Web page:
Immigration Enforcement and Domination An Indirect Argument for Much More Open Borders
Political Research Quarterly
Normative reflection on the ethics of migration has tended to remain at the level of abstract principle with limited attention to the practice of immigration administration and enforcement. This paper explores the implications of this practice for an ethics of immigration with particular attention to the problem of bureaucratic domination. I contend that migration administration and enforcement cannot overcome bureaucratic domination because of the inherent vulnerability of migrant populations and the transnational enforcement of border controls by multiple public and private actors. The implication is that even if restrictive immigration policies are permissible in principle, the attempt to enforce them leads to injustices that make them ethically unacceptable in practice.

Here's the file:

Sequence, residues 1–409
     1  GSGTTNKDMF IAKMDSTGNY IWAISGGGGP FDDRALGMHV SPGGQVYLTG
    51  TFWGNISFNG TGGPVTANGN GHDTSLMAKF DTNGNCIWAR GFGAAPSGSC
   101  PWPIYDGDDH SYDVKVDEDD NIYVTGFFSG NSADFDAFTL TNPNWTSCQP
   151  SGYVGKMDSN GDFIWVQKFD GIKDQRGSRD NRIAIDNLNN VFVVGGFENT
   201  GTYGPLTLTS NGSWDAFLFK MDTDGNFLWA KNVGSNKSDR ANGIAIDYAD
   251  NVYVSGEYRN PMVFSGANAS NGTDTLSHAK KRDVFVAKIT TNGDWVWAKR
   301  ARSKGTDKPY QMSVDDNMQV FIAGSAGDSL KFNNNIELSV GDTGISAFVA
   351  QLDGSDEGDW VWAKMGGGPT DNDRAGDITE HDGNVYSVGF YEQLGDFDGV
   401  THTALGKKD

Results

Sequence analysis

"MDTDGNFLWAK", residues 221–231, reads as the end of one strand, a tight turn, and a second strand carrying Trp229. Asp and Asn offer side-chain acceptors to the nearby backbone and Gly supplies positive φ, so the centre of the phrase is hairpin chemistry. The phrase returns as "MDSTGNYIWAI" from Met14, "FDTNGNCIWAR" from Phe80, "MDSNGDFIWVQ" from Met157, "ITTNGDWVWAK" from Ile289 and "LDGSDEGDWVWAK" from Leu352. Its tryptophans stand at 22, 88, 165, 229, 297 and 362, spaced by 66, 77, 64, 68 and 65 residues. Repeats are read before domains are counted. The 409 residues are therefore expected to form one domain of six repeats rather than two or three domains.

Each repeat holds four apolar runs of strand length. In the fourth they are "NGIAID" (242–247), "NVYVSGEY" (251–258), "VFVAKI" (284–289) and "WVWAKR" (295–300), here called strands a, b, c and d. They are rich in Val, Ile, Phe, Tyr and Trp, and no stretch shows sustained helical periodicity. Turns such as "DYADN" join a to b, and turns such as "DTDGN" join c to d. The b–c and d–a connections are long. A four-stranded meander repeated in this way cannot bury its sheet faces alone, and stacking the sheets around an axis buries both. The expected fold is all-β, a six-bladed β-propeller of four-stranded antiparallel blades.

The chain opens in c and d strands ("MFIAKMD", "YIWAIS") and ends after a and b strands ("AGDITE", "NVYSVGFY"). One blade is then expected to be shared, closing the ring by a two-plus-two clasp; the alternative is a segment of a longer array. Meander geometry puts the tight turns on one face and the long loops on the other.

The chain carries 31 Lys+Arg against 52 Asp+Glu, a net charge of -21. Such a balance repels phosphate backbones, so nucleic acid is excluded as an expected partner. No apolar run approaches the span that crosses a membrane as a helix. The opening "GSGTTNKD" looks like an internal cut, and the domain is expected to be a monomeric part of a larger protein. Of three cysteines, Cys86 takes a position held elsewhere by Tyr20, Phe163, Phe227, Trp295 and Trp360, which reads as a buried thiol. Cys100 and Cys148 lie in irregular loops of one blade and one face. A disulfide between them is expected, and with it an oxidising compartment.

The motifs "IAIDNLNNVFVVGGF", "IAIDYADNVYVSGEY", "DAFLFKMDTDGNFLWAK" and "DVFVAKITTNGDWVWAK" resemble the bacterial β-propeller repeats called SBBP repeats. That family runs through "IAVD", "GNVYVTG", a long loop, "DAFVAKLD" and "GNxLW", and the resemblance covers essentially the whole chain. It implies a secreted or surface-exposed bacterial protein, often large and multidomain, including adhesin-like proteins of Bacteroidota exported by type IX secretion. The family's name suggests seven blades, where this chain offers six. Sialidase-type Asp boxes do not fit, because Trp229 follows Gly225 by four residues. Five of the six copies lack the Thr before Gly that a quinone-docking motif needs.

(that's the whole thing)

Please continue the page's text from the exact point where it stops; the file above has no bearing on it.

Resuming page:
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Sager, A. (2017). Immigration Enforcement and Domination: An Indirect Argument for Much More Open Borders. Political Research Quarterly, 70(1), 42-54.